33. Ballads • Ballad is a long narrative poem of popular origin • Usually adapted to singing • A traditional story poems are often romantic or heroic.

  34. Haiku • Haiku is lyric, unrhymed poem of japanese origin • It usually arranged on 3 lines • Frequently espouses harmony with the appreciation of nature

  35. Free verse • Unrhymed poetry with little or light rhythm • Sometimes words within lines a line will rhyme • The subject of free verse are often abstract and philosophical, they are always reflective

  36. Concrete poetry • Written and printed in a shape • The shape signifies the subject of the poem • Must be seen and heard to be fully appreciated • It rely on the words, meaning and shapes,and the way the words are arranged to evoke images.

  37. PoEtRyiNClaSsROoM

  38. Teacher should provide students many opportunities to hear and say poems. • Develop a love of poetry • Students can read poetry, then begin to write poems themselves. • Poetry should be introduced first and often to children in oral form

  39. ReAdiNgPoEtRyAloUd to ChiLdReN • Daily basis • Reading aloud expressively • Draw children’s attention to literate language • Best – one to three poems at a time • Too many = overwhelming and tedious

  40. HoWtO ‘ReAdiNgAloUd’ • Introduce the poem first to the class • Read for its meaning • Should not overemphasize the beat of the poem • Enunciate poetry clearly • Voice effects  powerful tool • Read aloud a number of times • Get the meaning, enjoyment • Response after reading • Sharing and discussions

  41. ChoRaLPoEtRy? • Interpreting and saying a poem together as a group activity. • Encourage students to take part • Selection • Short poems first  develop some skills • Memorization • Select and read aloud a well-liked poem • Teacher leads the readings, students rehearse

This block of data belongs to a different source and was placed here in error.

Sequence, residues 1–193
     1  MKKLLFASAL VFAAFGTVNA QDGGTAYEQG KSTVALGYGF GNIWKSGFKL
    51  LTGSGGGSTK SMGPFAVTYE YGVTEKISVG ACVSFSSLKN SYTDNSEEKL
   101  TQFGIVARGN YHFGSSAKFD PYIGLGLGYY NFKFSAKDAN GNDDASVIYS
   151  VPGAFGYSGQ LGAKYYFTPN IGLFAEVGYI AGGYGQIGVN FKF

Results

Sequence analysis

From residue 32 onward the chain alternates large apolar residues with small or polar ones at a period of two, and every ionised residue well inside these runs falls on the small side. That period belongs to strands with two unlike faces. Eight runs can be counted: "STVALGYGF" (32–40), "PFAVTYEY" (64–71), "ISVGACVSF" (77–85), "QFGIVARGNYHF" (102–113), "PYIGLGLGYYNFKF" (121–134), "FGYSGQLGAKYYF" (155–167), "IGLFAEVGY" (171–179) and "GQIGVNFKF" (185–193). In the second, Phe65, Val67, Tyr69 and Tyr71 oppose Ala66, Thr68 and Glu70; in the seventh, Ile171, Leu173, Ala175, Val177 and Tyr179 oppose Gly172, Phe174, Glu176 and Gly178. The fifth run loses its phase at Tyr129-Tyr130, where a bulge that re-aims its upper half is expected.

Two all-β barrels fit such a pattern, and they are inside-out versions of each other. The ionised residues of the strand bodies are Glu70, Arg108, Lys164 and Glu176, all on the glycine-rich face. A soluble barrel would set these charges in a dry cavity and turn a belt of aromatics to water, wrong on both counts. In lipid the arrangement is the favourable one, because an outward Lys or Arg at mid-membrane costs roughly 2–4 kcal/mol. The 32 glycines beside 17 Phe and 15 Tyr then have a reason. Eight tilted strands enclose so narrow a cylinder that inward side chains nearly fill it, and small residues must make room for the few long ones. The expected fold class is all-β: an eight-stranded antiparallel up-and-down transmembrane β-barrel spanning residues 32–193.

42. Arrangements • Unison • students learn the poem and recite it together as a group • 2or 3-part • arranging students into voice types • Cumulative buildup presentations • Performance • Action, gestures, movements…

  43. StUdEnTs’ReAdiNgaNdWriTiNgPoEMs • Learning to read poetry • Silently, and/or aloud to others • Place students in pairs to take turn reading favourite poems • Ask students to select three poems by one poet • Find something about the poet

  44. Have students find three poems on the same topic • Read them aloud in small groups • Encourage students to find poems that are of the same poetic form • Or poetic elements, or rhythms, etc.

  45. Learning to write poetry • Should have rich poetry environment • Lots of exposure (poems, poets, etc.) • Start as collaborative effort • Class brainstorms  writing group poetry  compose poems in pairs  individual poems • Treat poetry as a form of communication • Ideas, feeling, experience…

  46. Have students compile their favourite poems • Design bulletin boards • Display students’ poems or by favourite poets • Posters • Encourage students to imitate specific techniques or styles • Discuss, analyze, and make it fun!